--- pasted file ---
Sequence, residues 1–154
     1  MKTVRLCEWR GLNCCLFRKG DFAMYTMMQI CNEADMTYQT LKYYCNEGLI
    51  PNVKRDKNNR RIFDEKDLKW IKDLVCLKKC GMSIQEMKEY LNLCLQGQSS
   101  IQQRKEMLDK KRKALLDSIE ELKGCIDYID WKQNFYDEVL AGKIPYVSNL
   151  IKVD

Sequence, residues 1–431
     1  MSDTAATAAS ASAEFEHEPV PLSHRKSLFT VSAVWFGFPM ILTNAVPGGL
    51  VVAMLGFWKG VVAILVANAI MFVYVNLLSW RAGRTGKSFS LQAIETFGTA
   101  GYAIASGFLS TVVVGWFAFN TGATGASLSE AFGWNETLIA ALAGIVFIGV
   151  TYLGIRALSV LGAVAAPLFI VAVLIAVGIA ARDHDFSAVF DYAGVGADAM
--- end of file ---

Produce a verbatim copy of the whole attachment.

Sequence, residues 1–154
     1  MKTVRLCEWR GLNCCLFRKG DFAMYTMMQI CNEADMTYQT LKYYCNEGLI
    51  PNVKRDKNNR RIFDEKDLKW IKDLVCLKKC GMSIQEMKEY LNLCLQGQSS
   101  IQQRKEMLDK KRKALLDSIE ELKGCIDYID WKQNFYDEVL AGKIPYVSNL
   151  IKVD

Sequence, residues 1–431
     1  MSDTAATAAS ASAEFEHEPV PLSHRKSLFT VSAVWFGFPM ILTNAVPGGL
    51  VVAMLGFWKG VVAILVANAI MFVYVNLLSW RAGRTGKSFS LQAIETFGTA
   101  GYAIASGFLS TVVVGWFAFN TGATGASLSE AFGWNETLIA ALAGIVFIGV
   151  TYLGIRALSV LGAVAAPLFI VAVLIAVGIA ARDHDFSAVF DYAGVGADAM